Make That A #4 To Go
Life may be one big tragedy but where kids and guns are concerned there is a hierarchy of devastation.
1) The worst has to be a parent killing a child;
2) Then any adult killing a child;
3) Followed by a child killing a child;
4) Then a child killing a parent;
5) And, finally, a child killing any adult.
The Unintended Murder
In the most recent case, at a Walmart in Idaho, a toddler found a gun in “mommy’s purse” and it was a #4 to go.
Last month another mother in Oklahoma was killed when her three-year-old shot her as she changed a diaper on another child.
About two children die every week in unintentional shootings in the US.
According to a studyÂ published in the medical journalÂ Pediatrics,Â “3,000 children die from gun injuries before making it to the hospital, bringing the total number of injured or killed adolescents to 10,000 each year.”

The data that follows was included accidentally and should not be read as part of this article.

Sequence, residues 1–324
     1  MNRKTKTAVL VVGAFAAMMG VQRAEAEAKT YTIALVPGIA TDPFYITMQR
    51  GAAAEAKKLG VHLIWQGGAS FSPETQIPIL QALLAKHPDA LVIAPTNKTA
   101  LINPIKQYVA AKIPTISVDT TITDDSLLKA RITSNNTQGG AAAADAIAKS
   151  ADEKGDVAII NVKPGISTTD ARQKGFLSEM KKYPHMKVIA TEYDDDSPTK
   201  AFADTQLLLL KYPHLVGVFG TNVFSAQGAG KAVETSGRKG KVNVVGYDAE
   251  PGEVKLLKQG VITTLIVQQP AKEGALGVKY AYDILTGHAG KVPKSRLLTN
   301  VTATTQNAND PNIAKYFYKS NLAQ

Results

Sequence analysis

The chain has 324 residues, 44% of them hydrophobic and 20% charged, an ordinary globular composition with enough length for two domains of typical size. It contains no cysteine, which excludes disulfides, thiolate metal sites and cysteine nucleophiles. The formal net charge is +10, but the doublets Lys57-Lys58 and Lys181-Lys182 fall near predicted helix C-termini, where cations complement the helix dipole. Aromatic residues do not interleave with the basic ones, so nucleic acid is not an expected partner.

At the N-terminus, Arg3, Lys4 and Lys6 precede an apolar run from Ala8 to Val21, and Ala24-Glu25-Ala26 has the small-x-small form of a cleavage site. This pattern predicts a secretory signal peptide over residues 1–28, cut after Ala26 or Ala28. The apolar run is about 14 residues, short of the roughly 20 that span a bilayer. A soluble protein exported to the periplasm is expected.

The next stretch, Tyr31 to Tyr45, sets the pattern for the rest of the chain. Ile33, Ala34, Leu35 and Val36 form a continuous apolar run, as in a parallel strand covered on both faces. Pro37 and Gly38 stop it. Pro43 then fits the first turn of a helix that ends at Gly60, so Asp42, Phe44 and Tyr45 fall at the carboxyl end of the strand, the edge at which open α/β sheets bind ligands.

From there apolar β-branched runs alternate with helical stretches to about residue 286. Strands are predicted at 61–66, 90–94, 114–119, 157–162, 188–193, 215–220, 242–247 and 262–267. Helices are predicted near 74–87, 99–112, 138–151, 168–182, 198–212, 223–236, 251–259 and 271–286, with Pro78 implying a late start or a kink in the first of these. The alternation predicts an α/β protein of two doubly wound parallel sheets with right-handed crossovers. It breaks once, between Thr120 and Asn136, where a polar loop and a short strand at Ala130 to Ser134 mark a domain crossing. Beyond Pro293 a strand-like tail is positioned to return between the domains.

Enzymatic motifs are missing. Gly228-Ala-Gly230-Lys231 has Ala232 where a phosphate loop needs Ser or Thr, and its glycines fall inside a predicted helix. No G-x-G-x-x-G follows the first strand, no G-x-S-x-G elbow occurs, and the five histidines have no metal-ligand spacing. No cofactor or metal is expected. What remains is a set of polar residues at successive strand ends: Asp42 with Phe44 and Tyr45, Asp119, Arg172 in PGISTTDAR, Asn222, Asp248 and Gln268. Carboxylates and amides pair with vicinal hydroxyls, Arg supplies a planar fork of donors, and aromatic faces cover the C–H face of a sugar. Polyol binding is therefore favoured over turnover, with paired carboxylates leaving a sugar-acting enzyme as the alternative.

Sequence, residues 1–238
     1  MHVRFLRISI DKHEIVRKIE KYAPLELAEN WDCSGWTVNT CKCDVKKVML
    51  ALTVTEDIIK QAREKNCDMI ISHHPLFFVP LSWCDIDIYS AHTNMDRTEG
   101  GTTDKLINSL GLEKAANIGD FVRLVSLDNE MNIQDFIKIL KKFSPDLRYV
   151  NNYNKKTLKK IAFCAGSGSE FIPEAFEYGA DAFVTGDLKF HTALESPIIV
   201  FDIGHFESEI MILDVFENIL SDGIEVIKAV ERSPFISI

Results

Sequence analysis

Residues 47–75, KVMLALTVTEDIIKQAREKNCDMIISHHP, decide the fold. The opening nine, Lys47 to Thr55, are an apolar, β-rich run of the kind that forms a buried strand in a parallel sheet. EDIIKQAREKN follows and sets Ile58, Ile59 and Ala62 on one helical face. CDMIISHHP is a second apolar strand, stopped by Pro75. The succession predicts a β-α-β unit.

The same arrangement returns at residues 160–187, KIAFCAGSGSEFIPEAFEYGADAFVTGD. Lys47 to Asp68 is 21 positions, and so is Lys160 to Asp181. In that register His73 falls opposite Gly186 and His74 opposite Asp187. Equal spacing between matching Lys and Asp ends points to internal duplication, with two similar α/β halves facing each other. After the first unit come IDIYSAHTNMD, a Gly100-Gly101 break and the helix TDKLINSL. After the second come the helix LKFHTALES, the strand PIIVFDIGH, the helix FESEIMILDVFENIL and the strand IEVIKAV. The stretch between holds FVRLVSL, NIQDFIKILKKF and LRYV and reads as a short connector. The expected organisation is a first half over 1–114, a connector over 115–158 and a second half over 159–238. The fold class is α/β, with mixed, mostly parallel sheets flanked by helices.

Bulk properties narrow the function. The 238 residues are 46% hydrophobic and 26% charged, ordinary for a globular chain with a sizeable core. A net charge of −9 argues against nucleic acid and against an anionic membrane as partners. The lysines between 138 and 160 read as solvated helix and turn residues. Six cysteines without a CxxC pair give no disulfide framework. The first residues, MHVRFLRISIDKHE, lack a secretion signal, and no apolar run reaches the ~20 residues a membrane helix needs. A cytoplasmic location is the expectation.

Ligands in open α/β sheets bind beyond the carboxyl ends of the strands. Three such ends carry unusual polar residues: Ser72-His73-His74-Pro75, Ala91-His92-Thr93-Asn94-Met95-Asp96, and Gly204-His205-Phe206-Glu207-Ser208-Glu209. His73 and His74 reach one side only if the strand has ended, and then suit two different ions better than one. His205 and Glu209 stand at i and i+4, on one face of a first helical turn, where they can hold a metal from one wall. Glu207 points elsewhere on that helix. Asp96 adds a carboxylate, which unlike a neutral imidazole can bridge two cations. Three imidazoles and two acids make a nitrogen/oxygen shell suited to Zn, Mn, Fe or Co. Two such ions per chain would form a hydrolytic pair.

It Could Have Been Worse
In Idaho and Oklahoma the toddler-assassins “targeted” family members as opposed to bystanders so at least the trauma is contained to a single family.
Of course, shooters with pacifiers are hardly responsible but it raises the issue of just who is?
The unfettered possession of firearms now transcends, by several orders of magnitude, any rational or responsible need for them.
For many, possession has become emblematic of their political values and it is demonstrated with religious fervor.
There was a time when bumper stickers and Â pins served that purpose just fine.
Whatever “values” are associated with the political position of unfettered access to fire arms, the list should include wanton and reckless disregard for the safety and well being of children.
Less guns would mean less child deaths (and police officer killings, too.)
Both the Idaho and Oklahoma cases are sure to be classified as “accidents.”
They are about as accidental as crashing a 747Â while flyingÂ blind-folded.